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Back in the 1970s I was a reporter for a newspaper up north. One fall evening the movers- and-shakers of the community got together in the banquet room of a local inn for one of those congratulatory events where every business owner of any consequence gets some kind of “prestigious award.”
Once the tables have been cleared, the windy speeches begin. One business owner will start by going on-and-on extolling the virtues of another business owner. They are almost always virtues everyone in attendance knows full-well the award-winner doesn't possess. The humble rascal will then be handed a plaque suitable for hanging. Most in attendance often think – in unison – that the award-winner should have been hanged, instead. The extolling and awarding and not deserving continues until all the plaques stacked behind the head table are gone.
At this point most people get up, say their goodbyes, and go home. But on this particular night several people stayed and basked in the afterglow of all those wonderful speeches. One of the evening's awards had gone to the truly deserving president of the local parent-teacher organization who had developed an innovative school writing program. Then, the talk among the stragglers suddenly turned to writing.
"Isn't it shameful what's happened to the quality of writing these days, what with emails, tweets and texting and all?" the chamber president asked to no one in particular. "I couldn't agree more," said the editor of my paper.
No one knows who first suggested it - it was either the slightly intoxicated newspaper editor or the mildly inebriated chamber president- but at some point one of these local luminaries boldly proposed a local writing contest.
The idea took off like a prairie fire. Suddenly the slightly tipsy stragglers began scribbling down contest rules, listing names of possible sponsors, and coming up with ideas for prizes. They even agreed to meet around 9 the next morning.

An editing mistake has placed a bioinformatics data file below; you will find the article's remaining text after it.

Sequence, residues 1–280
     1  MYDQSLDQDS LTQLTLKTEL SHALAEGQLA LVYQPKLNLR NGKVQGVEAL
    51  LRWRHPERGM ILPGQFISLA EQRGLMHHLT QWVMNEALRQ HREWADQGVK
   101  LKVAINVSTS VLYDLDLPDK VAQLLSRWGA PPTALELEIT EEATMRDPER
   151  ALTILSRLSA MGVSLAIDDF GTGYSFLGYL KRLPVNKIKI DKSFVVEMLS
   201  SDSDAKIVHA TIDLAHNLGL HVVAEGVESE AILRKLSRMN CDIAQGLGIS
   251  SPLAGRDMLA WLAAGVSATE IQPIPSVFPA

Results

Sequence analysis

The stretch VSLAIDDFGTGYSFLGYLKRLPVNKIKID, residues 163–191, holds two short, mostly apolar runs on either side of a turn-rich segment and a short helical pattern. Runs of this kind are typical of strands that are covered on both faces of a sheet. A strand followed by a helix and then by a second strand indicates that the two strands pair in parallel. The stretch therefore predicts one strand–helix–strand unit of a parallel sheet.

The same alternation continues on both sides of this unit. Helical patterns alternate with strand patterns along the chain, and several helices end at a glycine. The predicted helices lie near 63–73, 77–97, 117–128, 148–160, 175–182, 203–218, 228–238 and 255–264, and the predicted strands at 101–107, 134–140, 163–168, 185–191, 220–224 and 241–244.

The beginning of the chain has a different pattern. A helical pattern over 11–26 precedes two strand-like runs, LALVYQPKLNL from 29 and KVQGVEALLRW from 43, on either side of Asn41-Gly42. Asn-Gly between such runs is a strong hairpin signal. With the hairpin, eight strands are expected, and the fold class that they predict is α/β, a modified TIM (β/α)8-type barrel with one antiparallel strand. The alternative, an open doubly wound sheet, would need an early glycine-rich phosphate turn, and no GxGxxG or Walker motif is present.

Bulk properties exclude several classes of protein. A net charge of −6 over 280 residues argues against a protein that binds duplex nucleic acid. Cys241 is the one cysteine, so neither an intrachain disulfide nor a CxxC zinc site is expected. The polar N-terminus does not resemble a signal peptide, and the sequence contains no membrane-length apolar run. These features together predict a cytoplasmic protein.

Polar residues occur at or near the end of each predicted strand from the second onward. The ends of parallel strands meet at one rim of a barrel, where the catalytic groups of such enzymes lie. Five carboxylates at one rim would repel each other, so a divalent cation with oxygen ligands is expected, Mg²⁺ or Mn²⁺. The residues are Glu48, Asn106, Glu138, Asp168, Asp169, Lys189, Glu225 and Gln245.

It was at that first meeting that cracks began appearing in the contest's hastily poured foundation. The chamber president assumed from the beginning that the newspaper would do most of the heavy lifting, including publicity and judging. For his part, the newspaper editor assumed that the chamber would do most of work and all he had to do was put a few ads and articles in his newspaper to publicize the contest.
"Why can't those reporters of yours read the contest entries?" the chamber president demanded to know.
"Because those reporters of mine are too busy putting out your daily newspaper, that's why!" the editor replied. "Why can't that chamber of yours hire some of those underpaid teachers to judge the writing entries?" he snorted.
From there things went downhill fast.
The newspaper ran an article about the contest, as well as a few ads. Entries poured in, more than anyone anticipated. The chamber spent what some thought was a small fortune on the judges from the local schools. The chamber president demanded that the newspaper help defray the high cost of the judging, but the editor absolutely refused. By this time, anyway, organizers were at each other’s throats arguing about every contest detail and whose responsibility it was.
When it came time for the contest awards, organizers weren't even speaking. Even after the contest was over things were so bad in town that members avoided chamber meetings. The next year's chamber dinner had to be canceled for lack of interest and there was even some talk of dissolving the crippled organization.
It took years for things in the town to get back to normal. The chamber president eventually sold his business and retired to Arizona. The newspaper editor didn't retire, but around the same time had a heart attack and died at his desk.
Folks in town who remember say it all started because the chamber president and the editor once lingered too long at a chamber banquet.
John McDonald is a humorist and storyteller who performs regularly throughout
New England. Contact John at mainestoryteller@yahoo.com or 899-1868.
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